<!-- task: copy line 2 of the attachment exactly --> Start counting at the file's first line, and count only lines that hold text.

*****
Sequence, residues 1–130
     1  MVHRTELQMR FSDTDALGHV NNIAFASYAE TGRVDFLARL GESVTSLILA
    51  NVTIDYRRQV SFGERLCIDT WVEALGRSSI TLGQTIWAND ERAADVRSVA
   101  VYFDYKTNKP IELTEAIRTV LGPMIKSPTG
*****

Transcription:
     1  MVHRTELQMR FSDTDALGHV NNIAFASYAE TGRVDFLARL GESVTSLILA